She worked, as usual, a few other jobs as well, so was accumulating more and more different hospitality experiences as she went.

Kim then decided that she wanted to expand her experiences even more, so, as her brother had relocated to Canada, she decided to head there and look for work - so took off to Whistler in Canada. She had had the forethought to have a small amount of business cards (including her own specially designed chefs logo, stating that she was a qualified chef from Tasmania, prepared to work hard anywhere etc) made up before she left Hobart, so after she arrived in Whistler she went round looking at the restaurants she felt she'd like to work in, looked at their menus, then selected 6 she liked the look of, and left them 6 business cards - and that evening received 6 phone calls all offering her work!

She worked at some huge establishments: one place, Chateau Lake Louise, had 120 chefs working there and made everything on-site, including having its own butchery section which prepared its own pastrami, salami etc. She was a chef de partie there.

Some interesting statistics from Chateau Lake Louise include:

  • 1,000,000 meals per year
  • 2,000,000 cups of coffee = 18000 lbs of coffee
  • 15000 eggs just for the pastry department
  • 3000 lbs of flour a week
  • 5000 covers per day
  • 1000 covers per day just for staff
  • 10000 baked potatoes per week
  • $400 spent per day on wine for cooking alone
  • $18,000 of food per day
  • 1500 cows per year just for prime rib alone
  • 126 chefs for summer
  • 700 man hours per day staffing required
  • Bakery/patisserie sections run 24 hours a day

She then decided yet again to gain more experience, so went to Switzerland, and picked up work there. She worked in Berne for 1 year, then backpacked round Spain, Morocco, Portugal then England. She then decided it was time to come home and put down roots, so back to Hobart she trotted.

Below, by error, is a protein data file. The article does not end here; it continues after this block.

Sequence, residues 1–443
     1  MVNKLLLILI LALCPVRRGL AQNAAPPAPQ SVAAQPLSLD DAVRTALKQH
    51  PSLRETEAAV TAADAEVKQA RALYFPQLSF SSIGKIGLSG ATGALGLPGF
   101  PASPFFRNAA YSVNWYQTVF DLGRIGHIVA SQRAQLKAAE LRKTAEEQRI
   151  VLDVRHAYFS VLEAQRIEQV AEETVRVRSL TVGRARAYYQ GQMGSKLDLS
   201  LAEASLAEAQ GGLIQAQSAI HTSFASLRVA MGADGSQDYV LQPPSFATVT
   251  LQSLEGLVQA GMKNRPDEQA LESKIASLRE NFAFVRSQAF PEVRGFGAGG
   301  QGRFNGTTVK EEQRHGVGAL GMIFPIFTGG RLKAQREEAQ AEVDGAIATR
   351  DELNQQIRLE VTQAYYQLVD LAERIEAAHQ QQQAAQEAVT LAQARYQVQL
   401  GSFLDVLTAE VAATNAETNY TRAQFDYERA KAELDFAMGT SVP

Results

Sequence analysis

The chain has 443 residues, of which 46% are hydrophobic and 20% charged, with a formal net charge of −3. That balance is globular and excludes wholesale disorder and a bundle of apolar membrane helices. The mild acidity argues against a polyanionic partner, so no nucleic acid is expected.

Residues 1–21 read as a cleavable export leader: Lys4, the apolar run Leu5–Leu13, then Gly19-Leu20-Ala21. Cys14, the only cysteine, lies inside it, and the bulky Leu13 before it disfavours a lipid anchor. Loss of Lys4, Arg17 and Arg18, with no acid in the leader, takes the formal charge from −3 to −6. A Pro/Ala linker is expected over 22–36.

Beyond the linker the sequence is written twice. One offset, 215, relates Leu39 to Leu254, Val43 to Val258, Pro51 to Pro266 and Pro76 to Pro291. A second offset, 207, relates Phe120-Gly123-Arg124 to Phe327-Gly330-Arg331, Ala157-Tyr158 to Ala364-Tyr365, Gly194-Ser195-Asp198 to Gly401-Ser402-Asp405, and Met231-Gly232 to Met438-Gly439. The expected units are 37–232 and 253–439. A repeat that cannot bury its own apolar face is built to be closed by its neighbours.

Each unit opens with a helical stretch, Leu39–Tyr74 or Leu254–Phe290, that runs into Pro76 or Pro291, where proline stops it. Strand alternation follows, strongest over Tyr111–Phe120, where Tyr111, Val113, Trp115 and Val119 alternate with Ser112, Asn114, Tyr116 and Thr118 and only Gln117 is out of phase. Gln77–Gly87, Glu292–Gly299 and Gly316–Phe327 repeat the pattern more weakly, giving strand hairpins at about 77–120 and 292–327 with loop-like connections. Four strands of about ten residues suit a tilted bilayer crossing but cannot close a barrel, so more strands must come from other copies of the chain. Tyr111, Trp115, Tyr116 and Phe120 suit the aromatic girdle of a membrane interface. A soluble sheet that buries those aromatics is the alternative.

She had earlier decided that ultimately, the way to go would be to teach cookery, so went to Drysdale and had an interview with Tom Ellis. As there wasn't anything available at the time, he advised her to look for work at Wrest Point, which she did, and worked there in the Functions section under Andrew McMillan, who now is Head Chef at Astor Grill.

She then picked up a job at Willson Training Centre, teaching cookery, then eventually a job came up at Drysdale which she took.

She has worked at Drysdale in jobs ranging from Teachers Assistant, Teacher to Acting Team Leader (which she held for 18 months).

She has now been at Drysdale for 12 years - such a long time for a 38 year old! She has many challenges, as we all do, but I have no hesitation in predicting that she will meet them all with her usual honesty, integrity and credibility.

She still maintains her passion for food and cooking, and for trying to instill this in the young apprentices in her charge. She says she feels it's a bit like the Jamie Oliver scenario - with his 'Fifteen' restaurant. You get the new, raw, young apprentices in, then slowly turn them into confident chefs, who, at third year, are totally at home with their knife skills and coping with the restaurant environment. They have a huge amount to deal with initially - with the realization of exactly what it takes to get a meal to the table, family pressures, moving out of home for the first time, relationship issues, working in a team environment etc. Every day is a challenge.

But - as Kimbra says she tells all her students - cheffing is a ticket to the world. Once you have that qualification - the world is your oyster - you can go anywhere, on your own terms. You can get a job with the pay you want or need. As long as you are flexible. The more experiences you have, the better.

Two quotes from Kimbra impressed me:

You're only as good as the chef you work for; and

You need to develop what you've learnt and combine it with passion and creativity


Anonymous said...

I have worked in a home kitchen with kimbra all be it only for a short time, I found kimbra to be an inspiration, I cherrished our time together and have learnt so many skills from her.
hopefully one day we may get the chance to do it all again, best wishes ken.

Anonymous said...

This lady taught me how to de-scale fish.